At the Lyric Opera
By Dan Zeff
Chicago— Being a Giuseppe Verdi opera, “Il Trovatore” tells a gloomy and violent story filled with passion, betrayal, intrigue, and fierce declarations of undying love and undying hate. The plot is convoluted and the emotions over the top, but the Lyric Opera revival brushes criticism aside by casting five glorious voices to carry the production.
“Il Trovatore” is based on an 1836 Spanish play that centers primarily on an overheated love triangle among the Count di Luna, noblewoman Leonora, and troubadour-soldier Manrico. The count wants Leonora for himself but Manrico and Leonora have eyes only for each other. To inject additional complexity into the storyline, Manrico and the count are brothers, though only their Gypsy mother Azucena knows it.
Azucena seeks revenge against the count because his father had her mother burned at the stake as a witch. By the end of the opera, Leonora has committed suicide and the count has executed Manrico. After the troubadour’s death, Azucena tells the count he has actually killed his brother, so the gypsy finally has her revenge.
This summary of the plot doesn’t require a spoiler alert because “Il Trovatore” is one of the most familiar works in the opera repertoire and the audience likely will be aware of all the shifts in the tangled narrative. More to the point, it’s not the plot that matters, it’s the opportunity for world class voices to enthral the listener. Verdi may not be working with a flawless storyline, but the man sure could write for the human voice.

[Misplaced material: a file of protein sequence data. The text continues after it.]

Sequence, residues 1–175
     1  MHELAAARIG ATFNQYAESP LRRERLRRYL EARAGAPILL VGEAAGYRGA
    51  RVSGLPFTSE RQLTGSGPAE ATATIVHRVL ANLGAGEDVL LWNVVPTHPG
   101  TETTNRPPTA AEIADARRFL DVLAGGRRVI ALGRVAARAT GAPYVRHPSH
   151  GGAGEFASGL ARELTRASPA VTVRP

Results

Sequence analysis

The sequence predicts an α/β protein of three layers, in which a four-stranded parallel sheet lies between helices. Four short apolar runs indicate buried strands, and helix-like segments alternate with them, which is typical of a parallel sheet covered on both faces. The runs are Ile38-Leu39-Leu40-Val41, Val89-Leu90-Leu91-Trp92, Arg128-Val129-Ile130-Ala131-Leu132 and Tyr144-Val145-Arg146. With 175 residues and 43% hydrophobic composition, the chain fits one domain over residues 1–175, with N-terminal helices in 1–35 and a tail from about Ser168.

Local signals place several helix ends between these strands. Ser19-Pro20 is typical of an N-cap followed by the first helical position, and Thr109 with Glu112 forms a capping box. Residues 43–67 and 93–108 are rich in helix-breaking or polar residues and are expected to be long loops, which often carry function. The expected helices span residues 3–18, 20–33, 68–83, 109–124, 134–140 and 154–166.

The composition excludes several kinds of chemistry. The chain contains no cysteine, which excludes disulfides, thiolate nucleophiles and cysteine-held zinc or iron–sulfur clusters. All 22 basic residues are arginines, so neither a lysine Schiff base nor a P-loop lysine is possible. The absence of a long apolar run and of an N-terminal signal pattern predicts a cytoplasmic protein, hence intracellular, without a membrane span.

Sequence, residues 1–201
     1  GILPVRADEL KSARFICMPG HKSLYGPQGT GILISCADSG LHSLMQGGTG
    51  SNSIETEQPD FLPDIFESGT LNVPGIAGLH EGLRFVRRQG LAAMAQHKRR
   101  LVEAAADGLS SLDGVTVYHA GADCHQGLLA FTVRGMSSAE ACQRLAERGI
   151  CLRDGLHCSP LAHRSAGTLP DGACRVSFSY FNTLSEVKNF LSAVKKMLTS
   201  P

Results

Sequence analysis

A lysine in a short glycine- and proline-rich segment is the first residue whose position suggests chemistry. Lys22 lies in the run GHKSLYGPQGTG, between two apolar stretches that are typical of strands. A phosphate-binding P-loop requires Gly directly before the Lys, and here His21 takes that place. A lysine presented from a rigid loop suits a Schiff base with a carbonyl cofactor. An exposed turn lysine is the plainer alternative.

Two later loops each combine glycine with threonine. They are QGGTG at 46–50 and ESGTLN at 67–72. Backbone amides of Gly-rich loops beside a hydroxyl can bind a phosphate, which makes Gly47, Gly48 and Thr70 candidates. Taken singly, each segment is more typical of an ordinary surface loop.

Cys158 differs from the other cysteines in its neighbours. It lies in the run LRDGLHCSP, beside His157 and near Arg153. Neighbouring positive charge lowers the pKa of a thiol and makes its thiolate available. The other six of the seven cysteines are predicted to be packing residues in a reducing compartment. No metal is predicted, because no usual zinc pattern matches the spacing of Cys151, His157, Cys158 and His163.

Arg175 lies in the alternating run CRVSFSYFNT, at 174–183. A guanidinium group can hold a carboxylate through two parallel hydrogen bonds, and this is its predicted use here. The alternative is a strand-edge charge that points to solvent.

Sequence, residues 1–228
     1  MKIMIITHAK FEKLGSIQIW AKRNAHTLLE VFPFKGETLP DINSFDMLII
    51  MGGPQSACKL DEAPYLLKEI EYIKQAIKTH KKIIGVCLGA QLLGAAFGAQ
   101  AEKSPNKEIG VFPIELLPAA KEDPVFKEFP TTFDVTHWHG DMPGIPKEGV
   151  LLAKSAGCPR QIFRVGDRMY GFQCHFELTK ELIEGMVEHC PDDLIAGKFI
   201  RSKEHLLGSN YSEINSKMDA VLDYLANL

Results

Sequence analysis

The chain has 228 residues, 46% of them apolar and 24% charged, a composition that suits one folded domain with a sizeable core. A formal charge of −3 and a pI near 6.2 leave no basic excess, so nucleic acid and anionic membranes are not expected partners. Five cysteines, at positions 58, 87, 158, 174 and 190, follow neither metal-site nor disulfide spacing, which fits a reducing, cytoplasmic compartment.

Three of the top five roles are performed by singers making their Lyric debut—American soprano Tamara Wilson (Leonora), Polish baritone Artur Rucinski (Count di Luna), and Italian bass Roberto Tagliavini (captain of the guard). They are joined by two Lyric veterans, the Americans tenor Russell Thomas (Manrico) and mezzo-soprano Jamie Barton (Azucena). Tagliavini doesn’t play a central role in “Il Travatore” but given the opportunity he sings as powerfully as his featured colleagues.
Most of the arias and duets are devoted to declarations of love or cries for vengeance. They are all showcases for the skills of the leading singers, though the arias don’t further the narrative much. Indeed, the English titles above the stage are often blank during the major numbers, as if the Lyric decided that the words were of small consequence, deferring to the sheer power and majesty of the singing to carry the listeners through the vocal glories.
First among equals is Wilson’s Leonora, who thrills the audience with the expressive agility of her voice. Her character virtually takes over the last third of the opera and Wilson’s singing is breathtaking. The spectator doesn’t require a literal translation to grasp the emotion of Leonora’s overpowering love for Manrico and her self-sacrifice for her lover.
Rucinski’s Count di Luna is supposed to be a villain but the man sings with such intensity and commitment and his hunger for Leonora is so persuasive that the viewer is inclined to cut the count some slack as a nasty guy. That touch of sympathy may lessen the impact of the count’s comeuppance for his bullying attempts at seducing Leonora and his responsibility for the death of his brother Manrico. But any character who can sing that beautifully can’t be all bad.